Depression occurs in veterans at a much higher rate than in the general population. It’s estimated that up to 14% of service members experience depression after deployment. However, many veterans have a problem proving a service connection to their depression.
Symptoms of depression include:
- Fatigue or lack of energy
- Loss of interest in things you used to enjoy
- Deterioration of relationships, including spouse and children
- Irritability, sadness, emotional outbursts, or emotional numbness
- Sleep disruption – sleeping too much or too little
- Body aches
- Major changes in appetite, causing weight loss or gain
- Inability to function like you used to
- Distraction, memory problems, inability to think clearly
- Suicidal thoughts or violent behavior
Many soldiers do not seek treatment for depression, since being a soldier is associated with being strong, tough, and able to push through pain. Some veterans cope by abusing alcohol or drugs rather than seeking help.
The physical effects of depression
Depression can be caused by existing physical conditions. Chronic pain, for instance, frequently leads to depression, and the worse the pain, the worse the depression can be. Traumatic brain injury (TBI) can cause many issues, including depression. Any debilitating or deteriorating illness, such as ALS, Parkinson’s, or cancer, can lead to depression.
Conversely, depression can cause physical illness. There are studies that suggest that negative thought patterns are connected with increased risk of illness or slower recovery from illness or injury. Possible physical effects of depression include:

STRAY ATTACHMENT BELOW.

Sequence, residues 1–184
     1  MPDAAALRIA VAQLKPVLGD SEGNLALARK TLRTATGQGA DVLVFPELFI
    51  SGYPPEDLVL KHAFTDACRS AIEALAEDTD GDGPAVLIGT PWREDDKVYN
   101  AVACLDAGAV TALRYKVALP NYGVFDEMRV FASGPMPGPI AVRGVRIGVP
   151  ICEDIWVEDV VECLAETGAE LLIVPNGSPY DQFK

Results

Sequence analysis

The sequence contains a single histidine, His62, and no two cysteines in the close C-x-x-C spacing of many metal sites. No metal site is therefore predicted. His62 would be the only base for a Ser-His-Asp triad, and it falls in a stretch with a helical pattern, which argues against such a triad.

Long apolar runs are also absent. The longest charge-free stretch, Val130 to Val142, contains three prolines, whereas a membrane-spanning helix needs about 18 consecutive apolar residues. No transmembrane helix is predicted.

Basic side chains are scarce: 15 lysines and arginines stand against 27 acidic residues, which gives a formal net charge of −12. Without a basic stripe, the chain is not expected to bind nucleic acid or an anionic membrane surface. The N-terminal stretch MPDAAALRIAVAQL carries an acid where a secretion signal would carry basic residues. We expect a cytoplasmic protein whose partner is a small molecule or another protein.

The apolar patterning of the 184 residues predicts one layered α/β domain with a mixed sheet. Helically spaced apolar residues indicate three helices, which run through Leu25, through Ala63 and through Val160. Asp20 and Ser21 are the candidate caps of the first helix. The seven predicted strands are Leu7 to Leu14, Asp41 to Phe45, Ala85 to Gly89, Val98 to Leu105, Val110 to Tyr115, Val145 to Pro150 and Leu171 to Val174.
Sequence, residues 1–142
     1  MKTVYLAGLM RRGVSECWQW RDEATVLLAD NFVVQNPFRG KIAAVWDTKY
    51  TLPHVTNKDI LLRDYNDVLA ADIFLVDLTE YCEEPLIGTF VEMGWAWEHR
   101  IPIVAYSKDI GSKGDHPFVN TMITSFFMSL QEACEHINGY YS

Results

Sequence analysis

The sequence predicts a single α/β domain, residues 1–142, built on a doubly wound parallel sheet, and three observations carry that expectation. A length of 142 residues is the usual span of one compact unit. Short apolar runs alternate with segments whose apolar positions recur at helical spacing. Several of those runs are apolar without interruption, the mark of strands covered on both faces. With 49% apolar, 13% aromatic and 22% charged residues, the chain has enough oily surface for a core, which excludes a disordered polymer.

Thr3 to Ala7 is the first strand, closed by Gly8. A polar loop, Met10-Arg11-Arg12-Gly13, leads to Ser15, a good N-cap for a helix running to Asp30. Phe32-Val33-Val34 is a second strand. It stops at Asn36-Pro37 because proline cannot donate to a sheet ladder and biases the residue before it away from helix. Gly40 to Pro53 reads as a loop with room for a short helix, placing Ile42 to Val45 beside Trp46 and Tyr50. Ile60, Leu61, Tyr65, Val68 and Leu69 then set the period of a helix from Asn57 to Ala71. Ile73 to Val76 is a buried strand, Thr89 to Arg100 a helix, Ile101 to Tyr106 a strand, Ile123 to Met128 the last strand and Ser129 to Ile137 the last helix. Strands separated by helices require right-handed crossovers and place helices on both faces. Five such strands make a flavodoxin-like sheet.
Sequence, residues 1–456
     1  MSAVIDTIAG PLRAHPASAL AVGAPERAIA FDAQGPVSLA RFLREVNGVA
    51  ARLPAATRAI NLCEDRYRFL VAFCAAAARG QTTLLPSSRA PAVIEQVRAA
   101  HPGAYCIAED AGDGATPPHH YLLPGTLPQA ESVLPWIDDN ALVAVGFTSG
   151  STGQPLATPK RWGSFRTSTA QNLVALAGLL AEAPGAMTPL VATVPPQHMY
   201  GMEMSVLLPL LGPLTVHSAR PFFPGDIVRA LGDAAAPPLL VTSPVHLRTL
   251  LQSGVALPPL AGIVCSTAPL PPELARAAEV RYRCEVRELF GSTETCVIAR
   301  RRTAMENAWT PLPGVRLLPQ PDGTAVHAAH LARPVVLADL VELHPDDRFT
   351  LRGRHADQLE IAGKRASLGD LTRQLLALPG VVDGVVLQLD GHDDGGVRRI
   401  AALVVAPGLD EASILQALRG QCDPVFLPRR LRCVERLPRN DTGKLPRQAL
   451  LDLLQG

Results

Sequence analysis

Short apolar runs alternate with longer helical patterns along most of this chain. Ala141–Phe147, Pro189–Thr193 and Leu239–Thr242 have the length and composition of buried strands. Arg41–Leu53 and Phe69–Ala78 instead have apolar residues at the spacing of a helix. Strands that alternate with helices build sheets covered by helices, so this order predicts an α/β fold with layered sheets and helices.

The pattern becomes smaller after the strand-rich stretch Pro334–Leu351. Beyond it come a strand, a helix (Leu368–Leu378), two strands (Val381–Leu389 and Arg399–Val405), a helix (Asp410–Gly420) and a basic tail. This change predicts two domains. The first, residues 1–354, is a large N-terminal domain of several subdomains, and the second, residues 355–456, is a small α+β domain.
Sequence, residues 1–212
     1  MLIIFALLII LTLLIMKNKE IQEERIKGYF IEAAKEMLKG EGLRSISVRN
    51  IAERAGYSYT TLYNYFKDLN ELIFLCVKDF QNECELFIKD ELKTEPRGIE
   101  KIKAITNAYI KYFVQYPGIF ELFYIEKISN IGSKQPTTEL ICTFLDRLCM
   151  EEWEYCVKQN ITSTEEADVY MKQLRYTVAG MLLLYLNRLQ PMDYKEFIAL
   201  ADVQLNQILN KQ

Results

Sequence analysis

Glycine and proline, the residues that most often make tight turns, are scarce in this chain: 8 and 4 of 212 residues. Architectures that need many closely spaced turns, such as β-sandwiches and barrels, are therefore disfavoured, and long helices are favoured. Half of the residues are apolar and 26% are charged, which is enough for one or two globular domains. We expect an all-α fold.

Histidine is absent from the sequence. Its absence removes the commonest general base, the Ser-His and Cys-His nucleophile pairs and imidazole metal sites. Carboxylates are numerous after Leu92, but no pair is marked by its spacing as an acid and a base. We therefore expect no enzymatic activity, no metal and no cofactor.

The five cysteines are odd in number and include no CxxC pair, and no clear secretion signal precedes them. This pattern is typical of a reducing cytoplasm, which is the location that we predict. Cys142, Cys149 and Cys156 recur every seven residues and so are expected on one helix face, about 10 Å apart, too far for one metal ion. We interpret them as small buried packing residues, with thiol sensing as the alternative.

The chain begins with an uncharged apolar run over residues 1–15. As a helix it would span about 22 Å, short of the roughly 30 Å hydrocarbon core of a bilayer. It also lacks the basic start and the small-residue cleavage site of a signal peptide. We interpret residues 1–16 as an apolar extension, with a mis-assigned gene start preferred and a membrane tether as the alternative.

- Back, joint, or muscle pain
- Chest pain, heart arrhythmia
- Digestive problems: irritable bowel, ulcers, diarrhea
- Headaches, migraines
- Vision problems, tinnitus
How to get a disability rating for depression
A good veteran’s attorney will know the many connections between depression and other illnesses, injuries, and conditions. As veterans ourselves, we also have a first-hand understanding of how military service affects soldiers. We are committed to getting you the help and the compensation you need for your service-related depression and any other service-related conditions.
Your depression may be directly connected to your service, or it may be a secondary cause for a condition you’ve already received a disability rating for. Your disability rating for depression could be 100%, 70%, 50%, 30%, or 10%. If you have been denied a disability rating for depression, or if you believe your rating is too low, we will thoroughly investigate your case, digging into your experiences during service, your health, and any possible events, duties, or conditions that could have caused your depression. Our experience as disabled veterans drives us to leave no stone unturned in helping you receive the compensation you deserve for your service to our country. Call us today, from anywhere in the world, to see how we can serve you.